• Dutch-owned supertrawler FV Margiris deposited 100,000 dead fish off the French coast on Thursday.
  • Images of the incident show a carpet of dead blue whiting in the Atlantic Ocean.
  • France and the European Commission have launched inquiries into the spill.

France and the European Commission have launched inquiries into how a Dutch-owned supertrawler deposited more than 100,000 dead fish in the Atlantic Ocean off the French coast on Thursday.

The FV Margiris, the second-biggest fishing vessel in the world, deposited the fish carcasses in the Bay of Biscay early on Thursday morning.

 

Images of the spill show a carpet of dead blue whiting, a sub-species of cod used to mass-produce fish fingers, covering a surface area of over 32,000 square feet, said conservation group Sea Shepherd France, per The Washington Post.

The French minister for fisheries and maritime issues, Annick Girardin, called the images “shocking.”

In a tweet posted on Thursday, the minister said she had ordered France’s national fishing surveillance authority to begin an inquiry.

“France defends sustainable fishing and this isn’t reflected here,” the tweet continued. “If an infraction were to be proven, sanctions would be taken against the responsible shipowner who will be identified.”

The EU Commissioner for Environment, Oceans, and Fisheries said on Twitter that the EU Commission, the executive branch of the European Union, is also launching an inquiry.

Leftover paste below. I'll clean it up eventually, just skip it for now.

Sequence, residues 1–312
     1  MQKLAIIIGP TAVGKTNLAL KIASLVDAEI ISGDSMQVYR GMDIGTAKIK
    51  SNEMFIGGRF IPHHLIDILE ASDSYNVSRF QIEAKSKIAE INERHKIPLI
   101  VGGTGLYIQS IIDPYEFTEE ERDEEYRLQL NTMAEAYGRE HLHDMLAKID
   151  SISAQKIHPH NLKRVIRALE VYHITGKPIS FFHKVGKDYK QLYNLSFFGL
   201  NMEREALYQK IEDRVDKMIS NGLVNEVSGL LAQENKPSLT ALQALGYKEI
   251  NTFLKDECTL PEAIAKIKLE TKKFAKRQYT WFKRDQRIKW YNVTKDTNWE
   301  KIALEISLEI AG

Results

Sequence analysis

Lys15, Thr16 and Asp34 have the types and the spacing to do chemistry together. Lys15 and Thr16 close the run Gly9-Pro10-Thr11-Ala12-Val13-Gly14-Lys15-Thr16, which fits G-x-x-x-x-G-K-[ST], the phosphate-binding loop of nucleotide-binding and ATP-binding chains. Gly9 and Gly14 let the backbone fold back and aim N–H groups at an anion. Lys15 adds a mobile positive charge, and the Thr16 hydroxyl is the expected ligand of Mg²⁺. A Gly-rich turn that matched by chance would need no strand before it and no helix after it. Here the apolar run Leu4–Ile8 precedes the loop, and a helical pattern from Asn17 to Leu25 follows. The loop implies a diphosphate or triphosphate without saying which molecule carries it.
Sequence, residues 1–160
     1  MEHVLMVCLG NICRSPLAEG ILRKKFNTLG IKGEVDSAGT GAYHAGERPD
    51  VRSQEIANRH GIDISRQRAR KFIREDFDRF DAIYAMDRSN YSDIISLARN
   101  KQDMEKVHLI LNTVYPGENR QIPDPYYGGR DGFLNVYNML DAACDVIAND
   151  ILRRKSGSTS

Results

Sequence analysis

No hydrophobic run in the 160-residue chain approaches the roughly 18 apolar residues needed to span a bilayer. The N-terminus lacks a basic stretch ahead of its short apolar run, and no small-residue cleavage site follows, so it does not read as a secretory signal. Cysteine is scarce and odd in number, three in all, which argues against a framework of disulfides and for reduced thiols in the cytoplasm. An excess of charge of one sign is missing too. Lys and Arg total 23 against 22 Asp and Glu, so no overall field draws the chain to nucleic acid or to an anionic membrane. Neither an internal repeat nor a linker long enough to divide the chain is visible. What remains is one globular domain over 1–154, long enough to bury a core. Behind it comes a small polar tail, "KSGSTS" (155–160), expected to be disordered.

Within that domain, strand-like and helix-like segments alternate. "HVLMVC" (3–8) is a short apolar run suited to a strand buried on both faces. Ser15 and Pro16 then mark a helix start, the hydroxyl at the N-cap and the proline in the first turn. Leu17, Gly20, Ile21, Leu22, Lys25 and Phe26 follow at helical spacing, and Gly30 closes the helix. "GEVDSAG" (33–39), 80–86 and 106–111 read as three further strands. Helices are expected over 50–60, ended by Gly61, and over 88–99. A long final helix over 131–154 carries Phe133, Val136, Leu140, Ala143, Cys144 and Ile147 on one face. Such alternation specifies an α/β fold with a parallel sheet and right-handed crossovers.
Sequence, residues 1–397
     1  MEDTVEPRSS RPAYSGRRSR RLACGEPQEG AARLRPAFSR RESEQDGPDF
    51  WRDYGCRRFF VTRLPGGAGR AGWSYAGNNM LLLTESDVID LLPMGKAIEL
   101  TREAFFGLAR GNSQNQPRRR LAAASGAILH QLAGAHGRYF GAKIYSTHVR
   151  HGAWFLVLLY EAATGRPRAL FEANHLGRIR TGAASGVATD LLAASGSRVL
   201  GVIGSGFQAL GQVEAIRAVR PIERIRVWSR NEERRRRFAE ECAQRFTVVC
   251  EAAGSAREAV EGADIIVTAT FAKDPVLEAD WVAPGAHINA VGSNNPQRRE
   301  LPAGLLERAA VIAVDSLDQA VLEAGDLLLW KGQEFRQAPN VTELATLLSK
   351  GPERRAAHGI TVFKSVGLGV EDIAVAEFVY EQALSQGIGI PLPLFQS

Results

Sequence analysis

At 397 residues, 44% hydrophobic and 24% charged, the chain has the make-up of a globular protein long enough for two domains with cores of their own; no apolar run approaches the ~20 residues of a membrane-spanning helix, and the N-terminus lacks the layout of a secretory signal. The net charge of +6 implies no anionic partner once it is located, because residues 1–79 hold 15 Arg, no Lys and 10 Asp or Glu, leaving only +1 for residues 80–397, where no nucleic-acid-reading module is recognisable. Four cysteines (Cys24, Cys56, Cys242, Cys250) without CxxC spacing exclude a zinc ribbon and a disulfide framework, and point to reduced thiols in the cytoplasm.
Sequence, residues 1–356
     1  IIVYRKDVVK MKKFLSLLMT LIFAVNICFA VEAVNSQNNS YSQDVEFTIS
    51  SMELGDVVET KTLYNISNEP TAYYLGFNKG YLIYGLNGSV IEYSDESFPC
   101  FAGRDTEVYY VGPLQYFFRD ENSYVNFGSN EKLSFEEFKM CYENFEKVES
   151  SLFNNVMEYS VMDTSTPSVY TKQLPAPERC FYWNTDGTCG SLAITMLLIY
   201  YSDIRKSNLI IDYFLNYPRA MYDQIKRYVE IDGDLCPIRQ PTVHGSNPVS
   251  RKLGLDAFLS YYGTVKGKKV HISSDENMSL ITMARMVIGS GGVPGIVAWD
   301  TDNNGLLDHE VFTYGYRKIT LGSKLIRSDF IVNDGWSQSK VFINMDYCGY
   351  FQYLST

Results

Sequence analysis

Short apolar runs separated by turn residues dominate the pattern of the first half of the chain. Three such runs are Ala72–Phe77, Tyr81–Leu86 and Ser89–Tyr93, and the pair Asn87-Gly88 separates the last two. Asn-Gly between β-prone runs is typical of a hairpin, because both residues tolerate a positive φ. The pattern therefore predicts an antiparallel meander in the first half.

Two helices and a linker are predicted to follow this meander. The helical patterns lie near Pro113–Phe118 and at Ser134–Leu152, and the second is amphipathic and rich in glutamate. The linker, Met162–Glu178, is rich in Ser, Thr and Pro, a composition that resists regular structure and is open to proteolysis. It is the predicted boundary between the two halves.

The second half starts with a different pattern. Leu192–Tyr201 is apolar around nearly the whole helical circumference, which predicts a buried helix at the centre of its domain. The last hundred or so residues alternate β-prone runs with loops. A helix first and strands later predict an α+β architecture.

The fishing industry group PFA, which represents the trawler’s owner, is attributing the spill to a rupture in the supertrawler’s net, according to a statement.

“This is a very rare occurrence,” the PFA added.

But Sea Shepherd France, which shared the initial images of the spill, has accused the vessel of depositing the fish intentionally and illegally, The Times reported.

The group said it believes the vessel orchestrated the spill as it wanted to dump a type of fish it did not want to process — a practice banned under European Union fishing rules.

Trawlers like the Margiris typically use giant drag nets to catch fish and then process them on-board. Environmentalists are critical of the practice as they say it depletes fish stocks and damages marine life, according to The Washington Post.

Lamya Essemlali, the chairperson of Sea Shepherds France, told Sky News: “It has an impact on the fish population itself but also it has an impact on the predators, like dolphins, because the fish that these super trawlers are fishing are the main preys of dolphins and sharks. And basically, we are driving dolphins to starvation.”

The Margiris,owned by the Dutch company Parleviliet & Van der Plas and sails under the flag of Lithuania, was forced to leave Australian waters in 2012 after environmentalists protested.

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